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Cell Rep. 2016 Jul 12;16(2):545-558. doi: 10.1016/j.celrep.2016.06.013. Epub 2016 Jun 30.

Protein Prenylation Constitutes an Endogenous Brake on Axonal Growth.

Author information

1
Center for Motor Neuron Biology and Disease, Columbia Stem Cell Initiative, Columbia Translational Neuroscience Initiative, Columbia University, New York, NY 10032, USA; Department of Pathology and Cell Biology, Neurology, and Neuroscience, College of Physicians and Surgeons, Columbia University, New York, NY 10032, USA.
2
Project A.L.S./Jenifer Estess Laboratory for Stem Cell Research, New York, NY 10032, USA.
3
Department of Biological Sciences, Hunter College, City University of New York, NY 10065, USA.
4
Center for Motor Neuron Biology and Disease, Columbia Stem Cell Initiative, Columbia Translational Neuroscience Initiative, Columbia University, New York, NY 10032, USA; Howard Hughes Medical Institute and Department of Biological Sciences and Department of Chemistry, Columbia University, New York, NY 10027, USA.
5
Department of Pathology and Cell Biology, Neurology, and Neuroscience, College of Physicians and Surgeons, Columbia University, New York, NY 10032, USA; Project A.L.S./Jenifer Estess Laboratory for Stem Cell Research, New York, NY 10032, USA; Life and Health Sciences Research Institute, School of Health Sciences, University of Minho, 4710-057 Braga, Minho, Portugal.
6
Computational Biology, Biogen Inc., Cambridge, MA 02142, USA.
7
Center for Motor Neuron Biology and Disease, Columbia Stem Cell Initiative, Columbia Translational Neuroscience Initiative, Columbia University, New York, NY 10032, USA; Department of Pathology and Cell Biology, Neurology, and Neuroscience, College of Physicians and Surgeons, Columbia University, New York, NY 10032, USA; Project A.L.S./Jenifer Estess Laboratory for Stem Cell Research, New York, NY 10032, USA.
8
Moffitt Cancer Center and Research Institute, University of South Florida, Tampa, FL 33612, USA.
9
Center for Motor Neuron Biology and Disease, Columbia Stem Cell Initiative, Columbia Translational Neuroscience Initiative, Columbia University, New York, NY 10032, USA; Department of Rehabilitation and Regenerative Medicine, College of Physicians and Surgeons, Columbia University, New York, NY 10032, USA; Department of Pathology and Cell Biology, Neurology, and Neuroscience, College of Physicians and Surgeons, Columbia University, New York, NY 10032, USA; Project A.L.S./Jenifer Estess Laboratory for Stem Cell Research, New York, NY 10032, USA; Target ALS Foundation, New York, NY 10032, USA. Electronic address: chris.henderson@biogen.com.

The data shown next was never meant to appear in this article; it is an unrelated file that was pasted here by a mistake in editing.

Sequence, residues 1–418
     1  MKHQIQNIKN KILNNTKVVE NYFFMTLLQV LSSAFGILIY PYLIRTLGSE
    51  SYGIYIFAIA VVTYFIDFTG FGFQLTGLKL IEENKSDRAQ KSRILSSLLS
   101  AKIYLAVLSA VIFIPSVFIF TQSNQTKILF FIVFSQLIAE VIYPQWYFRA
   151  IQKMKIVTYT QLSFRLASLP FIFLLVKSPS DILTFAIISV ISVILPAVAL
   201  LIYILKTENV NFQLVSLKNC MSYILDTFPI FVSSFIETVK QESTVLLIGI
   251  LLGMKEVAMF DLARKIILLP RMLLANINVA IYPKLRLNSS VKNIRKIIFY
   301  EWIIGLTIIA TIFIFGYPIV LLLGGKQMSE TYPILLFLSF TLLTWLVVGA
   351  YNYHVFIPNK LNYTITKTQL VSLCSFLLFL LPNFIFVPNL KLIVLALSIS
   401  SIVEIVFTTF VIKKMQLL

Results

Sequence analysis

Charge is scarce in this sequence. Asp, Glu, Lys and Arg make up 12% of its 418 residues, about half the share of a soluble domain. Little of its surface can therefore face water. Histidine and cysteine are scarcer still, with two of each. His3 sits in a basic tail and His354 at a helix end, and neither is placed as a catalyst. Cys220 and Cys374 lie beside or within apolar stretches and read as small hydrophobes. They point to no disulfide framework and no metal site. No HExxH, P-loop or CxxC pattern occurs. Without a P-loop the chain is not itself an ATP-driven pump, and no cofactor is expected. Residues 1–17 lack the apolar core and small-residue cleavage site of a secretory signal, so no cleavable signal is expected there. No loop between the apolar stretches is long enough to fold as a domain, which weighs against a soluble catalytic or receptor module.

Abstract

Suboptimal axonal regeneration contributes to the consequences of nervous system trauma and neurodegenerative disease, but the intrinsic mechanisms that regulate axon growth remain unclear. We screened 50,400 small molecules for their ability to promote axon outgrowth on inhibitory substrata. The most potent hits were the statins, which stimulated growth of all mouse- and human-patient-derived neurons tested, both in vitro and in vivo, as did combined inhibition of the protein prenylation enzymes farnesyltransferase (PFT) and geranylgeranyl transferase I (PGGT-1). Compensatory sprouting of motor axons may delay clinical onset of amyotrophic lateral sclerosis (ALS). Accordingly, elevated levels of PGGT1B, which would be predicted to reduce sprouting, were found in motor neurons of early- versus late-onset ALS patients postmortem. The mevalonate-prenylation pathway therefore constitutes an endogenous brake on axonal growth, and its inhibition provides a potential therapeutic approach to accelerate neuronal regeneration in humans.

PMID:
27373155
DOI:
10.1016/j.celrep.2016.06.013
[Indexed for MEDLINE]
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